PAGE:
The Black Death, also Yersinia plague, began in China and had spread to Europe by the 1300s, killed a sizable fraction of the Eurasian population: estimates vary wildly, but some place the death rate as high as 60%. Europe's population would not recover for 150 years.
The H1N1 flu pandemic of 1918, which may have had an even higher death toll. Modern estimates peg the death toll at 100 million people, or what was at the time five percent of the world population. (By contrast, the death toll for World War One (which was raging at the same time) was "only" about 10-15 million.) Unusually, this strain of flu hit young adults and adults the hardest—children and older people did OK. It's thought that it killed by causing a cytokine storm, a fatal overreaction of the immune system. Because of this flu it was the second world war that was the first in history where more people didn't die afterwards of disease than died during the war.
91 years later, the H1N1 only did a minor a dent on worldwide death statistics with "barely" 284,500 dead, thanks to 2009's medicine and the swift measures taken worldwide to prevent its spread. The memories of 1918, however, were still enough to keep the entire world scared, and indeed many people thought it would be the end of the human race. 
1918's H1N1 killed 22% of Fiji within two weeks. One scientist at the time said "If the epidemic continues its mathematical rate of acceleration, civilization could easily disappear from the face of the Earth within a matter of a few more weeks."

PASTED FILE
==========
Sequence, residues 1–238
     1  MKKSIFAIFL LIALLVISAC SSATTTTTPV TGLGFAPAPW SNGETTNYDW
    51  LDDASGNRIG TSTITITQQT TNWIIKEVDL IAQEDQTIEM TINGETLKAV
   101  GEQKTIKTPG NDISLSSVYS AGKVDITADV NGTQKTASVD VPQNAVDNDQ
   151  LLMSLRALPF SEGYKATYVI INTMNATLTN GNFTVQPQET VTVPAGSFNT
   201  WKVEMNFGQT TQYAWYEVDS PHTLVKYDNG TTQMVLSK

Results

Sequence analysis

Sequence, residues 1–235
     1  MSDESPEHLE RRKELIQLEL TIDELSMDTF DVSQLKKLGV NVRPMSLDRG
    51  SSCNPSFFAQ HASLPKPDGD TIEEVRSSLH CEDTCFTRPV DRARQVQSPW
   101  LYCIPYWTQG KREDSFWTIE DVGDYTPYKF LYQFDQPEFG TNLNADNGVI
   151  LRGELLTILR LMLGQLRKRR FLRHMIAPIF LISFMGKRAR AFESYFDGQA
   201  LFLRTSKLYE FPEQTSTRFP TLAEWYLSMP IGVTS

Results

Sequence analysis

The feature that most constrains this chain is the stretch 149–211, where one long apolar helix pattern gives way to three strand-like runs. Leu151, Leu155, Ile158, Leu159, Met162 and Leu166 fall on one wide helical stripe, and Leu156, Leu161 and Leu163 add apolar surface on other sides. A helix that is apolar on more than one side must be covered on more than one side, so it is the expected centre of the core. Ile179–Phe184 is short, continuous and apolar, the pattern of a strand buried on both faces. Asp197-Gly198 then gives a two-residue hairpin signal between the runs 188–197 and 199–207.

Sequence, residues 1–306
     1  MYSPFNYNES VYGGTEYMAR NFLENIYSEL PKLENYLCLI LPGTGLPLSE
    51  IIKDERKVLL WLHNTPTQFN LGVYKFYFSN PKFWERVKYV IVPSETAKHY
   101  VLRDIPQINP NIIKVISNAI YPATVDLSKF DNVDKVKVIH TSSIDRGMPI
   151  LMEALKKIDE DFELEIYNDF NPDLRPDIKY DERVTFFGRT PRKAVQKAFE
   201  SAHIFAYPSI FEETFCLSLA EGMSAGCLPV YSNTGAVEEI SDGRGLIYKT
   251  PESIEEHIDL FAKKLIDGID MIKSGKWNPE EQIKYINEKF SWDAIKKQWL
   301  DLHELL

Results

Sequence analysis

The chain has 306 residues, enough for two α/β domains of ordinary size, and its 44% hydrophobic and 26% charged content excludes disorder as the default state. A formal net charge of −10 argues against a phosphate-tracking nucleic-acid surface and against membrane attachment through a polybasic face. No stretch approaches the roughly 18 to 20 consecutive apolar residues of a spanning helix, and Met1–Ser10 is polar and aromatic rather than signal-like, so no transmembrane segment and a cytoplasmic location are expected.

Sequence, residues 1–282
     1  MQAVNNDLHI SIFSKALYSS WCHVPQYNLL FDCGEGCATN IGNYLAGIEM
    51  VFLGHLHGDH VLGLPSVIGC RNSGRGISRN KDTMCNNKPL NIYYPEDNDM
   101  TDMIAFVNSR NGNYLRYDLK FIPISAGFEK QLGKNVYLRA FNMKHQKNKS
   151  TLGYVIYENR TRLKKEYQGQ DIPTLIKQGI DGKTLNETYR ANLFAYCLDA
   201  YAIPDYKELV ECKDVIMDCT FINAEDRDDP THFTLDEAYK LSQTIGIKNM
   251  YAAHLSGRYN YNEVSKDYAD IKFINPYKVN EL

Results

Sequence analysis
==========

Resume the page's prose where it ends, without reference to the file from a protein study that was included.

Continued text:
Nobody knows just what the population of North America was pre-contact, but it was a lot smaller just a few generations later. Some estimates range to up to 90% of the pre-contact population was killed by one or more European germs. Culprits included smallpox and various "childhood" diseases from Europe. It's believed that the European's contact with farm animals made them resistant to the diseases they carried.
Speaking of smallpox: while people in the Old World had had millenia to develop resistance to it, and while it was more endemic than pandemic (it existed as a persistent disease in most places rather than appearing in brutal and massive outbreaks), it still wasn't exactly harmless: it is estimated that as much as 500 million people died from smallpox in the 20th century alone.
Throughout history, disease epidemics killed far more people than wars ever did. It was a source of horror for people, as a plague could strike without much warning and kill a majority of the people in the village. The phrase "a pox on your house" may seem quaint to us now, but it was essentially wishing that a person and his entire family would be killed by a plague, which was a very real possibility. This is one reason children in Medieval Europe were fostered to other families at an early age: if (say) an epidemic of diphtheria struck your community, you could lose all your children in the space of a few days. Fostering children in another community at least helped to ensure that some of your descendants might outlive you.
War tends to foster quite a nice set of plague conditions: disruptions of infrastructure, especially anything that will reduce people's ability for nursing; overwork because all the men are away fighting; disruption of food supplies leading to a poorer diet; dead bodies lying around; people resistant to the bugs in one area travelling to a second area where they are not resistant, picking up the bugs and then travelling to a third area where no one is resistant.
Ebola is a recent example. There are no drugs to directly treat it, a vaccine that works on humans has yet to be developed, and it is so contagious the only real way to prevent its spread is to quarantine large areas. Thankfully, it had been confined to Africa...for now. An important point is that Ebola is so virulent that it kills its victims before they can get very far—it's not airborne and transmission is easily prevented by proper hygiene, which tends to keep it in isolated villages.